Connection Setup

Create a connection and set up JDBC parameters to configure a connection to the SQL interface.

Use catalog to choose workspace and branch.

Each workspace branch is a separate connection.

Different branch connections can be used interchangeably with the same Honeydew explore.

Metadata Sync

Looker relies on LookML views to query data. Honeydew can create LookML and synchronize all associated metadata.

Honeydew will synchronizes the following metadata to LookML:

  • Fields - every attribute in the field is defined as a Looker dimension, and every metric as a Looker measure.
  • Field data types.
  • Field display names (to label LookML field property). When no display name is set, Honeydew creates an automatic user friendly name.
  • Field folders (to view_label LookML field property). When no folder is set, Honeydew uses the entity name as folder names.
  • Field hidden property (to hidden LookML field property).
  • Field descriptions (to description LookML field property).

The recommended approach is use Honeydew to generate LookML. However, it is possible to use the connection directly and manually create a LookML view on top of it. Note that in that case the the continuous updates are manual as well.


Honeydew supports Looker Explore over the shared semantic layer.

Groups and Pivots

Any Honeydew attribute can be used as a Looker dimension for groups and pivots.


Any Honeydew metric can be used as a measure (aggregation) in Looker.

If you want to use a metric as a dimension, define it as a calculated attribute in Honeydew first.


Any Honeydew attribute or metric can be used as a Looker filter.

Filters are automatically pushed down to the source in order to optimize performance.

Cross-entity queries

Any entity in Honeydew can be used in an Explore.

Joins are automatically constructed by Honeydew. They are based on the relationships between entities that are used in a particular user Explore query.

Custom dimensions and measures

Custom dimensions such as binning, custom groups, unique value list dimension and Looker functions in custom field definitions are automatically converted to Honeydew attributes.

Custom measures such as an ad-hoc average or sum of a dimension are automatically converted to Honeydew metrics.

If you want to reuse a custom measure or a custom dimension defined in Looker: save it in Honeydew to a named attribute or metric.

That way, the code to compute it moves to the shared semantic layer.

User attributes and parameters

User attributes and parameters can be passed to Honeydew parameters using the parameter SQL interface as part of an explore definition.

Explore configuration

Looker Explores can be based on domains in Honeydew.

Common Looker functionality maps to domains:

  • Per explore filters (access_filter, sql_always_where, sql_always_having in LookML) can be modeled as domain filters.
  • Per explore join paths (join in LookML) can be modeled with domain active roles when multiple join paths exist between explores.
  • Per explore join aliases (from in LookML) can be modeled with domain role aliases.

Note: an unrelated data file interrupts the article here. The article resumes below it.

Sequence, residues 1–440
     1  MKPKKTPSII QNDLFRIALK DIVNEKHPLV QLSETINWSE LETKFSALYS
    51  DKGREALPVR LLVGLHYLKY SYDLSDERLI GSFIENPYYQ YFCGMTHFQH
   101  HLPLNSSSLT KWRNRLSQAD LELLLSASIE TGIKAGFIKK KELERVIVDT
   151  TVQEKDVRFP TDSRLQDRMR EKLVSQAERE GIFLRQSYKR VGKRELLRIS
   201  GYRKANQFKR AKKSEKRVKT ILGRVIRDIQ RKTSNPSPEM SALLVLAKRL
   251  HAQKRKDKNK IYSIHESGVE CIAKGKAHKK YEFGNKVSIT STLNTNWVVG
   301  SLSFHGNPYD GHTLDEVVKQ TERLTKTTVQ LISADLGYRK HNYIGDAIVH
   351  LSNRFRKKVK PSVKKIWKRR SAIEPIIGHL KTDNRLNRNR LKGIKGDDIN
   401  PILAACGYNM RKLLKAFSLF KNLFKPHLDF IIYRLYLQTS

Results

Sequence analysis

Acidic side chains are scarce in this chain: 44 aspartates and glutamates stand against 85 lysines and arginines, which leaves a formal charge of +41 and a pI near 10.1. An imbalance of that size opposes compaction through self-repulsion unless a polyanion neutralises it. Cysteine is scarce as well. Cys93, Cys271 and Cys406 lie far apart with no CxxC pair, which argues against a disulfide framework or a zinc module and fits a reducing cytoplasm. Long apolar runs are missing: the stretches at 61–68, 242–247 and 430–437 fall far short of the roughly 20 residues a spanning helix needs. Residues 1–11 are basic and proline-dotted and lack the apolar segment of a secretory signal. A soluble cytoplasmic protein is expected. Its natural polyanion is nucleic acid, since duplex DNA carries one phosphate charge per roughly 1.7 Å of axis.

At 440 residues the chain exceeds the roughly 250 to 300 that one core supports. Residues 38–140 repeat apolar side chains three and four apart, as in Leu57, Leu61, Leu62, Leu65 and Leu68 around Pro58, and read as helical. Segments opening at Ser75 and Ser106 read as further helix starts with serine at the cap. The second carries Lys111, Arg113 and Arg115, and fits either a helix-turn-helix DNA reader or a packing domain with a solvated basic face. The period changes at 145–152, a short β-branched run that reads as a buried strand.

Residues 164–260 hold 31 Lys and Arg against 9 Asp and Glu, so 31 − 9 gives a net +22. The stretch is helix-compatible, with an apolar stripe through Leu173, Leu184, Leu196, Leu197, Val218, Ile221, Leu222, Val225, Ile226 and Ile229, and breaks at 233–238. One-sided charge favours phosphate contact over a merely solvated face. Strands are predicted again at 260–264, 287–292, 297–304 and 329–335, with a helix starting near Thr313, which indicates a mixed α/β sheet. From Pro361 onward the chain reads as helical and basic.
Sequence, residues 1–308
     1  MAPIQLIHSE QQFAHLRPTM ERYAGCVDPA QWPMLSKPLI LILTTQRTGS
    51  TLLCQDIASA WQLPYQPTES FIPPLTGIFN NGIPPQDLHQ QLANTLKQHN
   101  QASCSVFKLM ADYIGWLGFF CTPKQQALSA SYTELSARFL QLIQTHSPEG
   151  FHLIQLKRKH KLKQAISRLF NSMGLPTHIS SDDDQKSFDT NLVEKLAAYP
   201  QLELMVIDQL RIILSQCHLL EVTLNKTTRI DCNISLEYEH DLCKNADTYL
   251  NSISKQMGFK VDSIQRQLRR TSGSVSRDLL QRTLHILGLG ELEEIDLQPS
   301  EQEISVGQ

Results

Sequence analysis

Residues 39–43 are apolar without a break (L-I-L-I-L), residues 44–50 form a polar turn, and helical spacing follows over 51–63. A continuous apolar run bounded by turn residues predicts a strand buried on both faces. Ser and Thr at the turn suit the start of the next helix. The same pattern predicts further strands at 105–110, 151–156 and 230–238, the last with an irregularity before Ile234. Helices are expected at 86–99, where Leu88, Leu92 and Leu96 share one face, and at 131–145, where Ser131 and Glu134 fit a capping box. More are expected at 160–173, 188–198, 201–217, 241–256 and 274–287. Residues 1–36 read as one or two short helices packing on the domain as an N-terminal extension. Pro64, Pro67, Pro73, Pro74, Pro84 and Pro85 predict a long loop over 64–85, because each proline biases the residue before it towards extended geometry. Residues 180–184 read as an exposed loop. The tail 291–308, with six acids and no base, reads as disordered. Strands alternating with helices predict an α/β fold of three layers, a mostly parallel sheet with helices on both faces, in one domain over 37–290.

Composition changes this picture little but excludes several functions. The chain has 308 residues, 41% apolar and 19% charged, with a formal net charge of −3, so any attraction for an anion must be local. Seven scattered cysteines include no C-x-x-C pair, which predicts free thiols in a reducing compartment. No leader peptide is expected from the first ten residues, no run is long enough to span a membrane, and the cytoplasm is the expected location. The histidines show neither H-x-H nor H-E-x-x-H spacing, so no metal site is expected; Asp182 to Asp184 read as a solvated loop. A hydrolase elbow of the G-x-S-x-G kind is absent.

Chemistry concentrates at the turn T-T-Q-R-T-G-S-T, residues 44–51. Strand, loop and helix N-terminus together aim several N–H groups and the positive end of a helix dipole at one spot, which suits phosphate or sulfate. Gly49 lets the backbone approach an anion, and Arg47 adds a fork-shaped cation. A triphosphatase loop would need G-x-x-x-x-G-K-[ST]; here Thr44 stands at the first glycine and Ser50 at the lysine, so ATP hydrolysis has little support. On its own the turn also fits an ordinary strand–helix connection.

Honeydew domains can be mapped to Looker Explores.

Domains can be used to define centrally things such as:

  • Access filters (instead using LookML such as always_filter)
  • Customized join relations (instead of setting join-s in LookML)

To use a domain, use it as an explore source table, such as :

explore: supply_chain {
  view_name: world
  sql_table_name: domains.supply_chain ;;

User attributes and Parameters

Parameters can be passed to the SQL interface via the FROM statement.

Looker user attributes and LookML parameters can be both used to pass down to an explore based on world or on a domain:

# pass $param1 and $param2 to Honeydew from different sources in Looker
explore: world_with_parameters{
    (select *,
      {{_user_attributes['param1']}} as "$param1",
      {% parameter param2 %} as "$param2",
  view_name:  world


  1. Filtered measures in an Explore over Honeydew metrics are not supported. Create a Honeydew filtered metric instead.
  2. Persistent Derived Tables (PDTs) are not supported. See performance acceleration in Honeydew for alternative performance approaches.
  3. Joins in an Explore between Views on Honeydew datasets are not supported. Instead, build a single Looker View with all the required entities, and Honeydew will figure out the needed joins.


Use Honeydew to generate a LookML file.

The LookML for a Honeydew dataset will look similar to this:

## LookML code

view: customers_and_orders {

  # A specific dynamic dataset that applies its filtering
  # Can use for the whole semantic world
  sql_table_name: dynamic_dataset.customers_and_orders ;;

  # String dimensions can look like
  dimension: customer__c_name {
    view_label: "customer"
    label: "c_name"
    type: string
    sql: ${TABLE}."customer.c_name" ;;

  # Date dimensions can look like
  dimension_group: orders__o_orderdate {
    view_label: "orders"
    label: "o_orderdate"
    type: time
    sql: ${TABLE}."orders.o_orderdate" ;;
    timeframes: [date, week, month, month_name, month_num, quarter, quarter_of_year, year]

  # Numeric metrics can look like
  measure: customers__count {
    view_label: "customers"
    label: "count"
    type: number
    sql: AGG(${TABLE}."customers.count") ;;